General Electric is giving Larry Culp more than 200 million reasons to stay and finish the job of turning around the storied conglomerate getting rocked by the pandemic.
GE’s board extended Culp’s contract by two years to at least August 2024, giving the CEO more time — and easier targets — to fix the troubled maker of jet engines, light bulbs and MRI machines.
If he’s successful, Culp could score a massive payday worth more than $230 million, according to a regulatory filing Thursday.
The new terms cut in half the stock price targets GE must hit for Culp, the well-respected former CEO of industrial company Danaher, to make that windfall.
The move underscores how essential Culp is viewed by Wall Street and GE’s board to turning around the once great company.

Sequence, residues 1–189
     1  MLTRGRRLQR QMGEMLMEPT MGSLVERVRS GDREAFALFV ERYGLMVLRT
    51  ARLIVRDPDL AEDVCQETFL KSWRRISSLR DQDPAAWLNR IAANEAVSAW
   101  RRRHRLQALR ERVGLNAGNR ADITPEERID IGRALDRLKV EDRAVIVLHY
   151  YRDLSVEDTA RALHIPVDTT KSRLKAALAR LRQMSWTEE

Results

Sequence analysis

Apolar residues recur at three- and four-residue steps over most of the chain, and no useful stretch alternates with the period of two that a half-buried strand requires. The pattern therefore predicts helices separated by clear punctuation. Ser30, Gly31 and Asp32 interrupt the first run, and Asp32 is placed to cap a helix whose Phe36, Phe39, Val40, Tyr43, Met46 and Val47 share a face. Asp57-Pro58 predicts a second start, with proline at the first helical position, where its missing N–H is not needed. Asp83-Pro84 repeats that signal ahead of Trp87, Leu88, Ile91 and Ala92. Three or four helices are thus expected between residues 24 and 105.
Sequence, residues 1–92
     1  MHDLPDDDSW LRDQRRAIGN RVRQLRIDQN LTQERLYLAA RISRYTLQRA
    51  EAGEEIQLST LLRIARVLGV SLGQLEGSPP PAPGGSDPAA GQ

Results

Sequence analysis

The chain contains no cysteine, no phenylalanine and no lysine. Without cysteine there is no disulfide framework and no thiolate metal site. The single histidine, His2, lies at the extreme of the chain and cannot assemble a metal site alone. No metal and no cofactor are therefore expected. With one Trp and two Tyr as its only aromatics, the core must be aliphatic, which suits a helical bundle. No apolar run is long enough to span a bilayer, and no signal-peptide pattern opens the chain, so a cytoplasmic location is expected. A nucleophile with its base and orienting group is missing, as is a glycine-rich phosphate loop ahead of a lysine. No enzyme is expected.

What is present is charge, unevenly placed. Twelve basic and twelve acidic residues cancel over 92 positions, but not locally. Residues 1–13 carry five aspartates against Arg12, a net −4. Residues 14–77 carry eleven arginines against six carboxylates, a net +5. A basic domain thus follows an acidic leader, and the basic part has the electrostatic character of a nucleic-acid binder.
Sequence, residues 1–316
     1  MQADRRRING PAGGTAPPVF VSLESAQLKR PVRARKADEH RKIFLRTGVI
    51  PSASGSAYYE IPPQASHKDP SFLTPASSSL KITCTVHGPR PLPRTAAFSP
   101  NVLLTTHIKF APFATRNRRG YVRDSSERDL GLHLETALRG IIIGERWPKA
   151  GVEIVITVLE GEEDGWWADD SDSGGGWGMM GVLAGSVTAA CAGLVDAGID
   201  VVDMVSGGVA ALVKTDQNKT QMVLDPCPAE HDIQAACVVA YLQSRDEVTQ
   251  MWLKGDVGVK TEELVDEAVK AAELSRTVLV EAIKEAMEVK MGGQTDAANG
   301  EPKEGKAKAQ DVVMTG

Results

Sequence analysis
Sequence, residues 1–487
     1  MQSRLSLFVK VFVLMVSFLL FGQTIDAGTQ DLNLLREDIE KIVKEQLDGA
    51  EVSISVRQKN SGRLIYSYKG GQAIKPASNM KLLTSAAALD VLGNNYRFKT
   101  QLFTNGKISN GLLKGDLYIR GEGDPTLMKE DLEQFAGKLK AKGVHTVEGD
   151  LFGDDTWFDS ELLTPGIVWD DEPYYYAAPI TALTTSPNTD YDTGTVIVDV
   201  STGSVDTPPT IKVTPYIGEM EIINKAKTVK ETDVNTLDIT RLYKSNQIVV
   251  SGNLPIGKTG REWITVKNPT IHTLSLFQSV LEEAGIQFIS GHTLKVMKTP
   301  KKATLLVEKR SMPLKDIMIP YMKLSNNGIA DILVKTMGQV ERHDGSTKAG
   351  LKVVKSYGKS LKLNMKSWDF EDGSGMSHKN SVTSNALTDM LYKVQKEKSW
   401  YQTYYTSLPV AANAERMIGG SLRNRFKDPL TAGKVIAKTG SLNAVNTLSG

“In approving the amendment to Mr. Culp’s employment agreement and this award, the board considered the best interests of shareholders and the goal of substantially extending Mr. Culp’s tenure with the company,” GE said in the filing.
Culp joined GE in October 2018 as the company grappled with an existential crisis brought on by too much debt and crumbling businesses.
The new CEO — GE’s first outsider boss in company history — moved swiftly to slash debt, sell assets and cutting costs. Even GE critics credited Culp with saving the company from ruin.
GE stopped burning cash and its share price zoomed from $10.85 when Culp was hired to $13.16 by February 2020.
And then the pandemic struck, dealing a massive blow to the jet engine business that was GE’s biggest bright spot. GE’s share price has collapsed by 43% this year to $6.28.
But as an incentive to keep Culp at the helm, GE’s board lowered the bar for the CEO to make a windfall. The company promised to award him shares worth $124 million if Culp boosts the stock by 200% from current levels.
The big payday will come though if GE’s share price spiked by 250% to $16.67. Under that scenario, Culp would cash in with shares worth more than $230 million.